These are volatile times but especially so for crypto. The rapid freefall and complete failure of the Terra/Luna algorithmic stablecoin blockchain this week has left the markets reeling. There’s a huge question mark out there now on everyone’s mind and a new kind of uncertainty. What happens next is anyone’s guess. To be sure, Bitcoin, Ethereum and every other coin, token and NFT are all down big but not by as much as I expected given what we’ve seen with Luna. For highly speculative things, in many cases, with no tangible ties to the real economy, this, in itself is a win. I, for one, am taking this as a sign that crypto really is here to stay.
This month, I’d like to continue our exploration of this exciting world and welcome back my friend and partner in the CERES Fund, Alex Fleischman. A few months ago, when he first appeared here in these pages, he laid out a compelling contrarian argument for why Bitcoin mining might actually be good for the environment. I took particular pleasure when, within days of publishing this piece, a big story dropped about how Exxon Mobil was using Bitcoin mining to justify an investment in dealing with the problem of flare-off natural gas — i.e. exactly what Alex was talking about.
Anyway, this month, he has written another very thought-provoking article for you all about one of the most hyped emerging aspects of the cryptosphere: the idea of a DAO (short for Decentralized Autonomous Organization). Again, Alex comes at this topic with both a solid theoretical understanding and some actual experience participating in a real-life DAO. Before the market turmoil set in, DAOs were all people could talk about. DAOs were celebrated as the natural successor to the corporation, the answer to all the problems of Web 2, social media and censorship and as the way to break the trend of growing wealth inequality in the world. There was even speculation that Elon was going to fix Twitter by turning it into a DAO. DAO’s might indeed be all these things one day or they might not. Read on for some very interesting perspectives on this important topic: Crypto Collectiveness.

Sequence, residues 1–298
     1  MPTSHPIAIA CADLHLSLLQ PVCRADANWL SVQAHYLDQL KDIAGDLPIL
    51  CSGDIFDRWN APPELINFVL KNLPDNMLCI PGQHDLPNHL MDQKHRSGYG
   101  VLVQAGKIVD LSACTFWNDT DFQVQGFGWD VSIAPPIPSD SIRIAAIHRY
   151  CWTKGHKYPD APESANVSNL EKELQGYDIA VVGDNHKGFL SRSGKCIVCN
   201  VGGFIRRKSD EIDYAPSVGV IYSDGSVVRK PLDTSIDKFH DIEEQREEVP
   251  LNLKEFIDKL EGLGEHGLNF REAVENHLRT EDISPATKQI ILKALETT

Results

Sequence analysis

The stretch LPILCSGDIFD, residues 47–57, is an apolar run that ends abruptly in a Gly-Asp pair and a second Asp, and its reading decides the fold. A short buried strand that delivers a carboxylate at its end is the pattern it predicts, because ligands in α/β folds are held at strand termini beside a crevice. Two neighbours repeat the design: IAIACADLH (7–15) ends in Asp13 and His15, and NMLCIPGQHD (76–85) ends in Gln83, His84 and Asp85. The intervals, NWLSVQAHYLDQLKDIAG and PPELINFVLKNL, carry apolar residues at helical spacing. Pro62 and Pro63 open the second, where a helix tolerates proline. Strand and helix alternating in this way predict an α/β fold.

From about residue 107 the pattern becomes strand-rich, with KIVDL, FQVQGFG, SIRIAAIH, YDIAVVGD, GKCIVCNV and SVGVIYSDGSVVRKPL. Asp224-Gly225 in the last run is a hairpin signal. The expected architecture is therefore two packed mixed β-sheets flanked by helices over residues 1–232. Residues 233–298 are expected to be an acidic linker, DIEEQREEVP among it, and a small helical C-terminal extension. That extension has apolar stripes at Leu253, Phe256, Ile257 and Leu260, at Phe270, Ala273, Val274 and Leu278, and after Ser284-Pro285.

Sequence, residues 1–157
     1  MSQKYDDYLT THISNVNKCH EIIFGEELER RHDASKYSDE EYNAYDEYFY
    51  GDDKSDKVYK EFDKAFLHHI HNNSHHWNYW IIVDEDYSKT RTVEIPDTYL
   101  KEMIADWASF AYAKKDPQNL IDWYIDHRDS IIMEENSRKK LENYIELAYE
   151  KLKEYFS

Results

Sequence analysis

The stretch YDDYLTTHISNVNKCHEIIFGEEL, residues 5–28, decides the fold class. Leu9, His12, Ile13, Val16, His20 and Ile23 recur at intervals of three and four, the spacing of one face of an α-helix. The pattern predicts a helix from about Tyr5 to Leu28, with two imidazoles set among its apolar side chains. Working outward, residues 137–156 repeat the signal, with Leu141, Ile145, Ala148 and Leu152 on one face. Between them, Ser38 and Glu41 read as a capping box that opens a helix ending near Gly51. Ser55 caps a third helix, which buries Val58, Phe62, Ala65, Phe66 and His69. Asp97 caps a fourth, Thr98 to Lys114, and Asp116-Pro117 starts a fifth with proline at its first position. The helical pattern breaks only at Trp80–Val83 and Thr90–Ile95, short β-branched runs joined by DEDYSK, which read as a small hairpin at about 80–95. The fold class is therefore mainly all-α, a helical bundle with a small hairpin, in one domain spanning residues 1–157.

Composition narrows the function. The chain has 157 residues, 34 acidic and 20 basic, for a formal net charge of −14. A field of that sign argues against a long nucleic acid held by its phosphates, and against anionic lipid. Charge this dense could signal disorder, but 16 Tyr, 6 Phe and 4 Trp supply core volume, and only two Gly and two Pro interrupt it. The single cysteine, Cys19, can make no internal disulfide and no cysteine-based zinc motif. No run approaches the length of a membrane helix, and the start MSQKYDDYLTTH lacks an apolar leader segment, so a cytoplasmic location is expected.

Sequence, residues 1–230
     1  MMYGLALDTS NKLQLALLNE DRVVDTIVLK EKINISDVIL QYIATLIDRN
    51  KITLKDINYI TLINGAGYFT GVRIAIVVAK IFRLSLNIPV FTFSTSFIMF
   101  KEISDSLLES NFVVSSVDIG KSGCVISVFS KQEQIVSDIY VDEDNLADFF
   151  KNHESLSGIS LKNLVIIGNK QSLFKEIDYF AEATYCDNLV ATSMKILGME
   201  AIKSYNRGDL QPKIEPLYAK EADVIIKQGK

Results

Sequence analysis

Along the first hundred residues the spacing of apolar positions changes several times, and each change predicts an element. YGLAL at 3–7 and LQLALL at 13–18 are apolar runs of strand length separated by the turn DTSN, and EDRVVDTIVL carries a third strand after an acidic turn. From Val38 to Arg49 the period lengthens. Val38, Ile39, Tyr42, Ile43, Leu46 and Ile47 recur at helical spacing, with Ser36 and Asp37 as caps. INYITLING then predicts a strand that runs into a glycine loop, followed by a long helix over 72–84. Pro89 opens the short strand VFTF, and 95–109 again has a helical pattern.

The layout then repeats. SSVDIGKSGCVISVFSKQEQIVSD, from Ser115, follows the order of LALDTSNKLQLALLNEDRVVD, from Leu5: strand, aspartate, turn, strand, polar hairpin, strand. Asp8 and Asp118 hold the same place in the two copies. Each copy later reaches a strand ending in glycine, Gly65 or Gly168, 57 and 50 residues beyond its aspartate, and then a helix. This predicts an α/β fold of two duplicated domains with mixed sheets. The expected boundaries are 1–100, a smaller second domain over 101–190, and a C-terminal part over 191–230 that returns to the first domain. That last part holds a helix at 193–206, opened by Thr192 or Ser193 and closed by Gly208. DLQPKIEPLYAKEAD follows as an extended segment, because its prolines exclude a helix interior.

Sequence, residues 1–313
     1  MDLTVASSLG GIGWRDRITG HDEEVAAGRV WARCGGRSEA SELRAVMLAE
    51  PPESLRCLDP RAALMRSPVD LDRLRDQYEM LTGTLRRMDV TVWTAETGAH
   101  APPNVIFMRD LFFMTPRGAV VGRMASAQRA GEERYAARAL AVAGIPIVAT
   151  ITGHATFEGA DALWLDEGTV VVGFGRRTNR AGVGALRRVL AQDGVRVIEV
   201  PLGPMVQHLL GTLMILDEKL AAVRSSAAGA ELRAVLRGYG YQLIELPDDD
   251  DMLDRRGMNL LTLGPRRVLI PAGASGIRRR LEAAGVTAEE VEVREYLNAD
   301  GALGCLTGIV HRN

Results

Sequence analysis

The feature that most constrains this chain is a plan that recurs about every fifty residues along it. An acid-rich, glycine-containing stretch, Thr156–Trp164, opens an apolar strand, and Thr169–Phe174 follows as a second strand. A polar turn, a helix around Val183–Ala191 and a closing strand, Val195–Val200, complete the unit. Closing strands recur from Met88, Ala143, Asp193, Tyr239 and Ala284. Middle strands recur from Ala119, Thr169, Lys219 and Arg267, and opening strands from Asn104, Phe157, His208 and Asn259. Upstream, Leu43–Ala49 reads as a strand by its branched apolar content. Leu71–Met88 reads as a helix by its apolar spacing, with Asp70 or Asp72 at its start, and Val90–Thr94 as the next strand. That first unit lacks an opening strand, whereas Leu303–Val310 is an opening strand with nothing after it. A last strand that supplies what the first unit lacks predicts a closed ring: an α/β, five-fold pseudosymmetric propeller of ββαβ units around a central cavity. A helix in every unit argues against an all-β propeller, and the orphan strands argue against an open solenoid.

Previously, I discussed Bitcoin’s merits as an incentive for the development of renewable and zero-emission electricity production sites. To continue along the theme of ESG investing, let’s discuss the “social” aspects of crypto. But before we begin, let’s first cover a concept essential to my argument: Decentralization.
Decentralization is a word thrown around a lot in the crypto space with a seemingly nebulous definition. It’s literally defined as the dispersion or distribution of functions and powers — so no single force has the ability to effectuate autocratic change — but what does that mean in the context of crypto? Well, Bitcoin’s development is decentralized, meaning there’s no single company or individual that’s updating its code singlehandedly. Rather, any coders or companies can contribute to Bitcoin’s codebase, however any changes they suggest must be adopted by a majority in order to take effect. Are there a few notable companies that provide a significant amount of changes? Yes. Are there individuals also contributing changes? Yes. And everything in between, in fact.